Grill Cleaning Tips for Fall

Cleaning is an essential part of grill maintenance, and now that fall is here, it's probably a good time to clean your grill from all of your summer fun. Whether you used your grill every day or only once during the summer, cleaning your grill every season is a good habit to start.

Why is it so important to clean your grill for fall?

Often, summer is the busiest season for grilling, and because of that, your grill has built up a lot of grime that needs to be cleaned. Cleaning your grill will remove rust, oils, and food that has accumulated over the summer. Deep cleaning your grill at least once a year will help it operate smoothly and last longer. Lastly, cleaning your grill will allow you to notice if parts need tuning or replacement.

Necessary Cleaning Tools:

  1. Grill Brush - a grill brush is a great tool to use when cleaning your grill. Depending on how often you grill, you may need to replace your brush every season. 
  2. Drip Pans - drip pans help keep your grill free of debris and make it easier to throw it out. It's a great idea to have some of these on hand whenever you grill.
  3. Grate Scrape - like a grill brush, a grate scrape will keep your grates in great condition. .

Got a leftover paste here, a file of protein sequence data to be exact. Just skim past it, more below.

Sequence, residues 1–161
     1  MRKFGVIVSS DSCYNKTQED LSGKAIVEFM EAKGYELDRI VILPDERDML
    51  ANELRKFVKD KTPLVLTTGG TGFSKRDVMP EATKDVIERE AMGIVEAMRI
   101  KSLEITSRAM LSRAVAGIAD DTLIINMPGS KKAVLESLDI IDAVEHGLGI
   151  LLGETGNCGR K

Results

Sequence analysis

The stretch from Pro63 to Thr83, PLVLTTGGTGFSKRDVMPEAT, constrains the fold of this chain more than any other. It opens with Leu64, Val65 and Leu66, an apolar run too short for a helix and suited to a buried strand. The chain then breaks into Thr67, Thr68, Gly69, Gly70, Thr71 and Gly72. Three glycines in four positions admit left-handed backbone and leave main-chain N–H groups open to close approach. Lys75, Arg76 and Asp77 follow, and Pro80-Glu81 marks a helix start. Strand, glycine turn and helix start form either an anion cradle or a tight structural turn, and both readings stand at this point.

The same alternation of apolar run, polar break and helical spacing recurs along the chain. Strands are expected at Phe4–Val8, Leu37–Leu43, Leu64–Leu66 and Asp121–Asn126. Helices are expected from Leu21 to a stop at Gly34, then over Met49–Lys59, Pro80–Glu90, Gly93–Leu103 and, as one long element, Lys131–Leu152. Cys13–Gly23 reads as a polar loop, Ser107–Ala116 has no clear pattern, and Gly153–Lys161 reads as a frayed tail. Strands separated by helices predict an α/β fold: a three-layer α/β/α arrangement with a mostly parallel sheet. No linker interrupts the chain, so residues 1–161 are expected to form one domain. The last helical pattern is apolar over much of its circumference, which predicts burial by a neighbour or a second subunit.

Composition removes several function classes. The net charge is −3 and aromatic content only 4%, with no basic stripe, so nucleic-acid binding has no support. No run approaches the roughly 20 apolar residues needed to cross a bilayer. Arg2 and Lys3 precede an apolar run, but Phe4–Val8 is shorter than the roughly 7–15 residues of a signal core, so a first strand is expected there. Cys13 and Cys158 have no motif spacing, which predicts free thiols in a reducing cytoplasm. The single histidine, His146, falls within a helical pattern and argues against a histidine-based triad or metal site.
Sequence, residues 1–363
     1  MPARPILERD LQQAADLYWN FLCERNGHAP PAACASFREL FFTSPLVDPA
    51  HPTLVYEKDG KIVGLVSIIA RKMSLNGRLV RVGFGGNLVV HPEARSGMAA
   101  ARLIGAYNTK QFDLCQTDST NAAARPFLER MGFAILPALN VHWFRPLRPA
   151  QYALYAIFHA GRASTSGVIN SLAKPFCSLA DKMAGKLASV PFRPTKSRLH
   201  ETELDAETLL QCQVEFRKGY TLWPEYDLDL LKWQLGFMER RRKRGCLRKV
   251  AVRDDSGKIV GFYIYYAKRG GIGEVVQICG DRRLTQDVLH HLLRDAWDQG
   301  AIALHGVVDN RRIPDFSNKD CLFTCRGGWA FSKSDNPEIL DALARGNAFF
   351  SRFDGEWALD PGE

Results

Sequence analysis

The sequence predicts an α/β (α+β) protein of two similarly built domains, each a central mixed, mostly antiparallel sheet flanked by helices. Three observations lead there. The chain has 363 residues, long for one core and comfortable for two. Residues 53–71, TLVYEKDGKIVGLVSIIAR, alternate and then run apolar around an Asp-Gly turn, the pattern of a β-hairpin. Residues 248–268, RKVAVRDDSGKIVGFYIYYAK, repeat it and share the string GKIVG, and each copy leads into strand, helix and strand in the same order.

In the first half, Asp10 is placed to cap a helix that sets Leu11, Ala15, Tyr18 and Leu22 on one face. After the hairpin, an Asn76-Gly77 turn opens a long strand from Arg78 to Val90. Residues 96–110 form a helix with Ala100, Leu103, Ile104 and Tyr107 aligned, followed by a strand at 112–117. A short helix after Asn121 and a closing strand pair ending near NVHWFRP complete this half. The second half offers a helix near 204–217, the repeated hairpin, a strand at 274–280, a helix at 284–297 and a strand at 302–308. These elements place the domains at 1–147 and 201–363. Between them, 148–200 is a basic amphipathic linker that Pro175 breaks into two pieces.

Fall Cleaning Tips:

  1. When your grill is cool, brush and/or scrape off the excess carbon and soot on the underside of the lid.
  2. Brush the grates to remove any debris from your summer grilling.
  3. Use a scraper to chip away any stubborn debris from inside the bowl.
  4. If you use water, you MUST let it dry all the way and re-season the whole grill>
  5. Make sure to collect and throw away any debris; you don't want it to sit in your grill.
  6. Clean the outside of the grill and cover.
  7. To clean the cover, simply hose with water, apply cleanser, let it sit, rinse, and air dry.

Re-seasoning After Cleaning:

Cleaning your grill can strip off the protective layer of seasoning on your grill and the grill grates. This is normal and expected, but it means that you do need to season your grill after cleaning. Without seasoning, your equipment will be more vulnerable to rust, and your food will stick to the surface. Re-seasoning after the summer will ensure your next season of grilling is rust-free and delicious!

To re-season, coat the entire inside of the grill and both sides of the grill grates with a high smoke point oil like vegetable oil or grapeseed oil. Leftover bacon grease works too!

Next, start a small pile of coals in the main chamber of the grill or the Side Fire Box, about half a chimney full of charcoal should do. Let the coals full ignite and then open the dampers on the grill halfway and let the coals fully burn down. Repeat this process two more times for the best results.

We’re sure you had many great times grilling over the summer, which likely produced lots of soot on your grill. If you followed the steps above, your grill should be in near-perfect condition for football season, Thanksgiving, and whatever fall fun you have planned. Remember to repeat this process in a few months or as needed.